Michael Walzer is one of America's leading political philosophers. He is a professor emeritus at the Institute for Advanced Study in Princeton, New Jersey and editor of Dissent, a left-wing quarterly of politics and culture. He has written on a wide range of topics, including just and unjust wars, nationalism, ethnicity, economic justice, social criticism, radicalism, tolerance, and political obligation. He is also a contributing editor to The New Republic and a member of the editorial board of Philosophy & Public Affairs. To date he has written 27 books and has published over 300 articles, essays, and book reviews. He is a member of several philosophical organizations including the American Philosophical Society.
Question: Is there a clash of civilizations?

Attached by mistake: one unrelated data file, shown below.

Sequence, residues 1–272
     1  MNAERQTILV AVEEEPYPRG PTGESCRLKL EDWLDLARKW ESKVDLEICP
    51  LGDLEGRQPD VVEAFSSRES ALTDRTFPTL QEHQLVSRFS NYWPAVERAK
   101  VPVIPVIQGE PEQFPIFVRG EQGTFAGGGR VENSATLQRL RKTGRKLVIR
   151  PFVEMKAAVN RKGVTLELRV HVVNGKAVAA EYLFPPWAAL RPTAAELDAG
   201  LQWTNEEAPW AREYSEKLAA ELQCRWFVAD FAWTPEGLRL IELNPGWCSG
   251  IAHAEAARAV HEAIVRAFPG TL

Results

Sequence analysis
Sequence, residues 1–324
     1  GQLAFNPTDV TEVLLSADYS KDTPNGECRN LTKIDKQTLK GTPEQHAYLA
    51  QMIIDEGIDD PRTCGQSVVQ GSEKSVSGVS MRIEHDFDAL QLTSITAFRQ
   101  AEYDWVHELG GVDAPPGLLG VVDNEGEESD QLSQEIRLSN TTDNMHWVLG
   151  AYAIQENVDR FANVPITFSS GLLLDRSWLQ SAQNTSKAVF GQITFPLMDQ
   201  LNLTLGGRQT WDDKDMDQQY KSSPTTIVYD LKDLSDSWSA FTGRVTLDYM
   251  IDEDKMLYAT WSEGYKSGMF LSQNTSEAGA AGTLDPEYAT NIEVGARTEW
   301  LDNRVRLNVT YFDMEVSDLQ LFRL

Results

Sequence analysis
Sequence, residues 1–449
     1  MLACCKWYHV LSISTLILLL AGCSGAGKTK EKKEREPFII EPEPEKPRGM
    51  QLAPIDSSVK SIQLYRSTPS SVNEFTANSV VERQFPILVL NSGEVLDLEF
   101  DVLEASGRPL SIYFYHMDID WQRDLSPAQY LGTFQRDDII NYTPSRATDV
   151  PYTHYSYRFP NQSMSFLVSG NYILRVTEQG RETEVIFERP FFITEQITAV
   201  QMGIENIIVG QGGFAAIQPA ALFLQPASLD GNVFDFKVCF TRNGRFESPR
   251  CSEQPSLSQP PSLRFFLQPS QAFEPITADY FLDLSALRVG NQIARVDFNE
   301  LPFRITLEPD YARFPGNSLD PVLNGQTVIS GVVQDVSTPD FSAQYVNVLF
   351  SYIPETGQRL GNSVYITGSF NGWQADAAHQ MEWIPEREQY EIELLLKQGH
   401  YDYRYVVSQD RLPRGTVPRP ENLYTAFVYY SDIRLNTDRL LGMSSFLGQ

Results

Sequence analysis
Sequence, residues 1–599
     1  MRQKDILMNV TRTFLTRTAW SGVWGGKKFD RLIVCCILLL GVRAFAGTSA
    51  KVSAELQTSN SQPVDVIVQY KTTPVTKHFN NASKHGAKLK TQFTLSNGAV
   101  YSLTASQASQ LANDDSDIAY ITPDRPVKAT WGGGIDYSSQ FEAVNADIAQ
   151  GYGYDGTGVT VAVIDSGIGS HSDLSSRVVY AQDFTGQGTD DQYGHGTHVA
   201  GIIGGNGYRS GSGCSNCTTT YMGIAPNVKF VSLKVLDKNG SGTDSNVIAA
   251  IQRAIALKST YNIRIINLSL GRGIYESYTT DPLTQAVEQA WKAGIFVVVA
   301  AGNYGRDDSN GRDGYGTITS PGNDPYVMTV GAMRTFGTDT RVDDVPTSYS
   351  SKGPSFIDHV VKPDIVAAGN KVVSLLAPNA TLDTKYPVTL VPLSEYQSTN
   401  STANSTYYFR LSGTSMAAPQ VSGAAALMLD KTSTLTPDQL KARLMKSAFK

Michael Walzer:No, I don’t think so. I think there are too many clashes within each of the civilizations to talk about a clash of--it essentializes each of the civilizations to describe them--but it is true that when fundamentalists or zealots or orthodox or ultra-orthodox people take over a country, then there, they will repress the moderates and the liberals in their own camp and then we confront them, and that does look like a kind of us against them. But we always have to remember in those situations the people who have been repressed, all of the liberal and secular Afghans, for example, who survived the Taliban regime, but we didn’t hear from them while the Taliban were in power, but they're there and those should be our allies and, since we, since we always have allies in the other civilizations, I think it is a big mistake to try to describe that as a kind of war of unified cultures. Recorded on: 2/27/08